Dua Lipa at the Grammys in January. Photo: David Crotty/Patrick McMullan via Getty Images
Pop star Dua Lipa faced backlash on Sunday after tweeting a flag of "Greater Albania," showing Albania expanding its borders to include some portions of Kosovo, Serbia, Greece and North Macedonia.
Why it matters: The flag represents an ultra-nationalist idea that historically ethnic Albanian parts of the Balkans should be returned to Albanian control. Lipa, 24, was born in the U.K., but her parents are Kosovar Albanians — and Kosovo is central to much of the dispute.
The backstory: Kosovo, which is 93% ethnically Albanian, declared independence from Serbia in 2008 — a decade after rebel Kosovar Albanians fought to break away from what was then Yugoslavia in the Kosovo War. More than 1 million people were displaced in the conflict.
- Some nationalists have advocated for the unification of Kosovo and Albania, particularly in the decade since Kosovo's independence, though little concrete action has been taken.
- Lipa also included the definition of the word "autochthonous" in her tweet: "indigenous rather than descended from migrants or colonists." That definition, too, refers back to the Albanian nationalist argument for expansion.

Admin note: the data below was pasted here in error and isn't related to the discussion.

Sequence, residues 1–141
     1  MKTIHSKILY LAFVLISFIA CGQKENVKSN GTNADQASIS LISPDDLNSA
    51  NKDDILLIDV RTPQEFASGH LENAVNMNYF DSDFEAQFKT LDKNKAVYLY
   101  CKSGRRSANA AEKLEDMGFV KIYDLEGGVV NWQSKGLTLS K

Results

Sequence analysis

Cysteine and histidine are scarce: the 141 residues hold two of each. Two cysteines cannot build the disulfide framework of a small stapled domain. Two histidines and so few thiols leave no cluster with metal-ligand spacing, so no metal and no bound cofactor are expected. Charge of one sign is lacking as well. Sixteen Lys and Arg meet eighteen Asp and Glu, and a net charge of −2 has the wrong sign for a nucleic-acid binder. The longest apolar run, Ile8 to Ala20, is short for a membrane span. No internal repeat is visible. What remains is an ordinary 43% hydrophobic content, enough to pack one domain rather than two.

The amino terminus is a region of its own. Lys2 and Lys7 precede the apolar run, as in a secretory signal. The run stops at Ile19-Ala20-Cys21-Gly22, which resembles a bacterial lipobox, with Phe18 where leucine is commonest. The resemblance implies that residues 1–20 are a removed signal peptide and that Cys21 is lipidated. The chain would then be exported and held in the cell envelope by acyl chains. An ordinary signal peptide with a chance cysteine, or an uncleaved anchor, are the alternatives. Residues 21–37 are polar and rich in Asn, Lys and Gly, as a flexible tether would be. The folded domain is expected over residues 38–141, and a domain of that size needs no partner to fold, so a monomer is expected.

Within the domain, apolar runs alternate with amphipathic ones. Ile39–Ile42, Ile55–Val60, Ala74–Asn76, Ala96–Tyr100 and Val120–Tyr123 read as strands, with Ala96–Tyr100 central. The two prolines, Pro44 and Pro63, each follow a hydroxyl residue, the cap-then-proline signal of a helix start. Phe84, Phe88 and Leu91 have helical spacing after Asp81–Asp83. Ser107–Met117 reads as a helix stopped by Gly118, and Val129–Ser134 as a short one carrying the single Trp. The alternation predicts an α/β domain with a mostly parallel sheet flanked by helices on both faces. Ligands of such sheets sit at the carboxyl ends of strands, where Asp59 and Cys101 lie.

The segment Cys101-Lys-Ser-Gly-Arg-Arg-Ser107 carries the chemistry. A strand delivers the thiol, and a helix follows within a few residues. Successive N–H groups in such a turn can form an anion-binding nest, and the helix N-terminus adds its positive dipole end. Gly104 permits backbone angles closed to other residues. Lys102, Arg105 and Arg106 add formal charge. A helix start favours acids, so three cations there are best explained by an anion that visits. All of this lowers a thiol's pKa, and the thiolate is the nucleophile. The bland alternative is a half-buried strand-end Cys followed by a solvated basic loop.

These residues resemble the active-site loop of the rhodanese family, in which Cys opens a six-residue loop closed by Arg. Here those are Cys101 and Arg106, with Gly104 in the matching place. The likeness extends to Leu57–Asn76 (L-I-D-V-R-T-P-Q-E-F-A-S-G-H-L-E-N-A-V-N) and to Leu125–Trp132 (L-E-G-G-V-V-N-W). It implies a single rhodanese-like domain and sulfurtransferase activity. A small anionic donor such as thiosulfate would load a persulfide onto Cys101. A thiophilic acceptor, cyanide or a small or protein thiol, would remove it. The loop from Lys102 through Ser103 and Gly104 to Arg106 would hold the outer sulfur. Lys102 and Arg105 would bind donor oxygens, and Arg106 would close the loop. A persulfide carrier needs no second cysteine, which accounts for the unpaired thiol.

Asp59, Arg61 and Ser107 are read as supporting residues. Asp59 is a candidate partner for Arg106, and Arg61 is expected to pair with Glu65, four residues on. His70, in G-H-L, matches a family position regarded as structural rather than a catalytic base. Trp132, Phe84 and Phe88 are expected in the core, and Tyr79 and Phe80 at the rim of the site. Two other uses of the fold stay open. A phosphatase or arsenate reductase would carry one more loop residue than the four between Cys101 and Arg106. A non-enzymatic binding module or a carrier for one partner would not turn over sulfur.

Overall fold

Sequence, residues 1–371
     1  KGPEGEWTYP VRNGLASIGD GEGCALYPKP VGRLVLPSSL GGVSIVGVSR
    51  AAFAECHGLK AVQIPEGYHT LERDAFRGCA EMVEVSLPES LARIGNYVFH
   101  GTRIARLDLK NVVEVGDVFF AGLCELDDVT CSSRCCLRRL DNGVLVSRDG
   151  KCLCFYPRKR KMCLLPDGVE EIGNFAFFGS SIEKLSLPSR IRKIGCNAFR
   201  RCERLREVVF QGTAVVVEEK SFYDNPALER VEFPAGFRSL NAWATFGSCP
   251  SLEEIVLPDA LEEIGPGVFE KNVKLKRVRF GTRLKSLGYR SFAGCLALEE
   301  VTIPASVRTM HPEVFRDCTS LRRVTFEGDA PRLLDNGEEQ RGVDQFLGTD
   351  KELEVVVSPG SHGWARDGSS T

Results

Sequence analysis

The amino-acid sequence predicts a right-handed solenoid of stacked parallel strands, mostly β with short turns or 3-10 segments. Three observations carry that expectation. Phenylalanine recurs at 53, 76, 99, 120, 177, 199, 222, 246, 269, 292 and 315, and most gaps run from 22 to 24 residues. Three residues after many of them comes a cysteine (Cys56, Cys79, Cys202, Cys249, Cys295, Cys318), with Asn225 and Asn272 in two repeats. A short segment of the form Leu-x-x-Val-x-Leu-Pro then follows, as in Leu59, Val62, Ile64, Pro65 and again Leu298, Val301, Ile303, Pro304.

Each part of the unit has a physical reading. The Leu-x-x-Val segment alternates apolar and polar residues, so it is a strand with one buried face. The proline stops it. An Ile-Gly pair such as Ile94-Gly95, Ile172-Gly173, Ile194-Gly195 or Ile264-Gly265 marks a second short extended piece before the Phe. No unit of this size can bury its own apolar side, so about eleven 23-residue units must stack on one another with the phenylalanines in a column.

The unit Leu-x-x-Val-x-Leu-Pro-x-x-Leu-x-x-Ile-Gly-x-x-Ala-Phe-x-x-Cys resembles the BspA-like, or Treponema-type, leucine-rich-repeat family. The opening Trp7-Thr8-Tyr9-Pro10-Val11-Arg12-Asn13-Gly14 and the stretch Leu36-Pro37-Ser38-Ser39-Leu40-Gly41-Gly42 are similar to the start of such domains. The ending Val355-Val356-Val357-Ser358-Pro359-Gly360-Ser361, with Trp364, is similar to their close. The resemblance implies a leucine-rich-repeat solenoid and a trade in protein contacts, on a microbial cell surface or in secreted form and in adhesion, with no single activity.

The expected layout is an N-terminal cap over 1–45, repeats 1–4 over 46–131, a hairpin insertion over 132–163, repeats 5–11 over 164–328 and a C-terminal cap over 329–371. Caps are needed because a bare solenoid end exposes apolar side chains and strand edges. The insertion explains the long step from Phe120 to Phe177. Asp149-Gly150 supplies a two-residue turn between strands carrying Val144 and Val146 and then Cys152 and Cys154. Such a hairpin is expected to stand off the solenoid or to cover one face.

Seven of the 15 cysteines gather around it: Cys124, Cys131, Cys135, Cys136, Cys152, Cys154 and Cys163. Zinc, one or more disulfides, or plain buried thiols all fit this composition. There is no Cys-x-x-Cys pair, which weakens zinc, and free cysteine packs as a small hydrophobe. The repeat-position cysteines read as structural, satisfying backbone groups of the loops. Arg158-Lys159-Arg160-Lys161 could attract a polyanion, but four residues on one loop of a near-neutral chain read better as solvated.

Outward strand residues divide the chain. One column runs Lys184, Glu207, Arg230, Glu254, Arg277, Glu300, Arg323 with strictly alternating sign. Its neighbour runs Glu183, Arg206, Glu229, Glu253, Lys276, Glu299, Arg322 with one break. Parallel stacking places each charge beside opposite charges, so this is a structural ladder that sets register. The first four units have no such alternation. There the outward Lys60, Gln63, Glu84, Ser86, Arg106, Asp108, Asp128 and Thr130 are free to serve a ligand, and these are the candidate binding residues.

The state of play: The flag in her tweet was flown by a drone over a 2014 soccer match between Albania and Serbia, prompting the match to be suspended after it brought the two teams to blows and sent Serbian fans spilling onto the field to join in, per the BBC.
- Albanian fans weren't even allowed to attend the match in Belgrade, given the already heightened tensions between the two nations.
- "If someone from Serbia had unveiled a flag of Greater Serbia in [Albania's capital] Tirana or [Kosovo's capital] Pristina, it would already be on the agenda of the UN Security Council," Serbia's foreign minister said after the incident.
The big picture: Political scientist Florian Bieber, who studies ethnic conflict in the Balkans, called Lipa's tweet "stupid nationalism."
- "It claims that one group has more rights because it was there earlier, which is not a credible claim considering that nations are modern. ... It also suggest that migrants should be excluded or less worthy. Hardly a message for anybody who, like herself, represents the ability for the child of migrants to succeed," he added.
The bottom line: The regional tensions will get some international attention in the coming months, as the European Union moved to open formal accession talks earlier this year with both Albania and North Macedonia.